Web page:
In today’s world it is conventional wisdom that a college education is necessary to excel as a professional.
Times are said to have changed, and without proper schooling one is doomed to a life of either hard labor or low-paying pencil pushing. And if you’re planning on paying for an education there is no escaping the fact that college costs are rising.
Besides the hefty price tag, traditional schooling is consuming, socially and mentally, forcing a particular lifestyle upon the student. Further, the relationship between the educator and the educated maintains a certain depravity, as a professor holds a figurative gun to the student’s head (any false moves may lead to a career crippling F). But is there an alternative?
In a recent editorial featured in the New York Times (April 23, 2008) Thomas Sowell attributes the high cost of college to two reasons: “People will pay what the colleges charge, and colleges have little incentive to reduce tuition.” He explains that unlike most markets, where lowering prices attracts business, in the academic world the government is ready to step in to pick up the slack.
A university would loose millions per year in government money if they lowered tuition. Considering the position that today’s young people are placed, where the arduous task of completing a degree is coupled with unfair prices and a dire necessity, which will affect the rest of their life, it is fair to say that they have us by the proverbial balls.
In an article which I recently compiled I attempt to imagine the direction of coming educational paradigms. It quickly becomes obvious how the talent of great minds may be ignored due to lack of proper credentials. Our current scholastic system bespeaks the Tory elitism representative of Western culture.
Perhaps the stereotypical role of an experimental, bohemian college student is effected by the sharp contrast of the academic organization. While it is clear that the classroom is continuing to evolve, it will be necessary for the vintage activist spirit of the student to lend guidance to new educational trends that shifts to a liberal method of intellectual maturation.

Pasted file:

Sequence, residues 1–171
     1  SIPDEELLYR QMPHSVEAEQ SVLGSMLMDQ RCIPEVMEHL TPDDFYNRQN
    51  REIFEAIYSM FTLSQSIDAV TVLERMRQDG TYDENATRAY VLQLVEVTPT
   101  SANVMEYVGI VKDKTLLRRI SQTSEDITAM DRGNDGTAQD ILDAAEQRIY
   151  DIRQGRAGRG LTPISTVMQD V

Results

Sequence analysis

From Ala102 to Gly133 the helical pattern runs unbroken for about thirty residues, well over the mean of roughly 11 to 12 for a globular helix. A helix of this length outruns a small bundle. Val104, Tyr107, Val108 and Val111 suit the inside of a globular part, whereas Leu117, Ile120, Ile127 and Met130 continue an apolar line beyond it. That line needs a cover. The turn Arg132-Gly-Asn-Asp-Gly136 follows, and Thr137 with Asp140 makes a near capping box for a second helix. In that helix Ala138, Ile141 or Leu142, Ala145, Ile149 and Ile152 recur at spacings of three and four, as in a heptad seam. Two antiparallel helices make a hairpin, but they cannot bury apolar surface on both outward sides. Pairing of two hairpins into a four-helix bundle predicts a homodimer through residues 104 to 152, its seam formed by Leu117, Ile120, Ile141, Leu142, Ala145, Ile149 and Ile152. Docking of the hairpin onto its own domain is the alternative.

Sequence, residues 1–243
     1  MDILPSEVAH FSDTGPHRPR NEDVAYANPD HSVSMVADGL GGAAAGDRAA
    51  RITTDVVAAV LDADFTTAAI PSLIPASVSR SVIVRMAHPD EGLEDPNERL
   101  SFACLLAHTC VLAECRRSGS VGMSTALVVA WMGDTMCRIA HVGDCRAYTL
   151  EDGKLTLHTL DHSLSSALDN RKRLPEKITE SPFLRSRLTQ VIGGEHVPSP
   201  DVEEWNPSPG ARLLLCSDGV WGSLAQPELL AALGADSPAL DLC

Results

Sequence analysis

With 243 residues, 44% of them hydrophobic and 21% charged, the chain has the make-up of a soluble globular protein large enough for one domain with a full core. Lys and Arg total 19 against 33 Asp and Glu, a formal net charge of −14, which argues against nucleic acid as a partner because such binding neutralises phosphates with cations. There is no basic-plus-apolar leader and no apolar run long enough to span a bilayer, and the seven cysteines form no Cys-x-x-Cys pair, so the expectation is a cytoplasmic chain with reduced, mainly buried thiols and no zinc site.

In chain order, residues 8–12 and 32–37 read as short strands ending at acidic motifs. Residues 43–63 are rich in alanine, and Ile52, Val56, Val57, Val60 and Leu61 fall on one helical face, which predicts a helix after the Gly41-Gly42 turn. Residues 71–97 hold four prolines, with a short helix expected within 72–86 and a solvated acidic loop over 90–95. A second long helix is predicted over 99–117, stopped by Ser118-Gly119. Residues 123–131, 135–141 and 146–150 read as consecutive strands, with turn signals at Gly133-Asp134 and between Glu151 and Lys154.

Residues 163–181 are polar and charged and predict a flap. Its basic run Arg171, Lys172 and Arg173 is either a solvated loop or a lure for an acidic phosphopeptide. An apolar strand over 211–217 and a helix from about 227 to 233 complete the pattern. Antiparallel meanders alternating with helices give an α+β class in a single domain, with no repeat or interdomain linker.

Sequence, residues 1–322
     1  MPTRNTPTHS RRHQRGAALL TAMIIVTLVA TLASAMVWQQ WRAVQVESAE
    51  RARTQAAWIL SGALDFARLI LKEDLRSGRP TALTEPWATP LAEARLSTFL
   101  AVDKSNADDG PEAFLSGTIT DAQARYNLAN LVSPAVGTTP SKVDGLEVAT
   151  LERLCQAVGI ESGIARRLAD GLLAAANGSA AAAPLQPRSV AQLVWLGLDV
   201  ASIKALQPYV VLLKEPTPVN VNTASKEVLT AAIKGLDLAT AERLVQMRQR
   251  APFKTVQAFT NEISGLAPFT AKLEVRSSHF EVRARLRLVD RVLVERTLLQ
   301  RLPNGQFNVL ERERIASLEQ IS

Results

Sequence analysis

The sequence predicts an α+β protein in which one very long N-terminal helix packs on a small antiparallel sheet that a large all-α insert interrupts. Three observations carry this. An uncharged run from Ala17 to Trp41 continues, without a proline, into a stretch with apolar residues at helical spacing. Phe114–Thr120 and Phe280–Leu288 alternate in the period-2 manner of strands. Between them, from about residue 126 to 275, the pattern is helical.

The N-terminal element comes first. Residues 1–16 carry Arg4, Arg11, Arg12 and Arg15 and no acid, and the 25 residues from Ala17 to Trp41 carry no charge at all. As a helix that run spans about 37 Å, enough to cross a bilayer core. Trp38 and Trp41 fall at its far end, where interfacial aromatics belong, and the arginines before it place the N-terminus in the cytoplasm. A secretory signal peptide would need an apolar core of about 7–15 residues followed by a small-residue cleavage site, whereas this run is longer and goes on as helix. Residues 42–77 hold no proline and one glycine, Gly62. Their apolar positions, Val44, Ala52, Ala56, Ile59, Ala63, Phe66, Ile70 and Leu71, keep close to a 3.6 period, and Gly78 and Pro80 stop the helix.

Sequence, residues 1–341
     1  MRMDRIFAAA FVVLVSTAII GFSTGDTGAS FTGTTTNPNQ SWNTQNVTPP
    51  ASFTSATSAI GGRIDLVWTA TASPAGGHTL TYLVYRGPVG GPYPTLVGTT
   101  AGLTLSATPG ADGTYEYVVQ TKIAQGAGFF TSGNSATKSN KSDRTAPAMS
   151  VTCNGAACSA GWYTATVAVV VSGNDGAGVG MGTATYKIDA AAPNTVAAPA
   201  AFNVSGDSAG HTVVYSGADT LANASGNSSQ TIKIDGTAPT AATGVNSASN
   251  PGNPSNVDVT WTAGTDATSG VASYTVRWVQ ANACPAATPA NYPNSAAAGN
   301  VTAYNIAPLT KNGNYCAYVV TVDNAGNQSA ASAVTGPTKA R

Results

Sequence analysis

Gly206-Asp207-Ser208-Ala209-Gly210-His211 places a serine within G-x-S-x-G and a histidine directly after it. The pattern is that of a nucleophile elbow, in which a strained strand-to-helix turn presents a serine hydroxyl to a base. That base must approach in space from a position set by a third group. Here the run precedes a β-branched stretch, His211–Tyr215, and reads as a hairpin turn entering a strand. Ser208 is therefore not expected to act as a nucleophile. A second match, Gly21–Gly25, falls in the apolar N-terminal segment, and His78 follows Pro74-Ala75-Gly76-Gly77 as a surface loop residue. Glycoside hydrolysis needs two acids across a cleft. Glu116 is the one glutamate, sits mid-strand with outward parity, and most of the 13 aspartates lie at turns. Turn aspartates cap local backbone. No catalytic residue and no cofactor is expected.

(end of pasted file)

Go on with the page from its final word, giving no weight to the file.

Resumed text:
So where is the classroom going? I can say with a great deal of confidence that virtual technology will play a leading role in the future of education. Already most colleges and universities offer distance learning programs (online classes).
Some colleges, such as the University of Phoenix offer completely virtual degrees. Hybrid courses, in which physical meetings compose only a third of the course time, are also becoming popular. This model moves the educator from the head of the classroom, handing knowledge down, to a guiding medium. This new role forces a teacher to not merely present knowledge, but to be sympathetic in facilitating its acquisition.
Despite the advantages of a virtual classroom, the heavy price still lingers overhead. In overcoming this obstacle towards an open, intellectually progressive society we must embrace the idea of autodidactism.
Being self-educated sounds harder than it is. Some of the most important figures in history have been non-traditionally educated (including Socrates, Benjamin Franklin, Alan Watts, and Mark Twain). It means having a choice in subject matter, moving at your own pace, and it’s free. Its relevance towards the shifting educational paradigm can be attributed to the dawn of the information age, coupled with the open content movement.
Considering resources available today, it has never been easier to be self taught. Wikipedia alone serves as an ocean of open knowledge. Various colleges, including MIT, offer ‘open-courseware,’ which include lectures, videos, and notes for entire courses for free. EBooks, language courses, podcasts, and dictionaries have all become openly available in a spectrum wide enough to cover anyone’s interests.
Even aspiring musicians can learn basics of instruments, theory, and entire songs through online tablatures, sheet music, and video lessons. Rather than growing around current structures, we should move to evolve the system to fit our needs and goals.
Anthony is a writer, philosopher, and web developer.
He blogs at http://philosophy-explained.com
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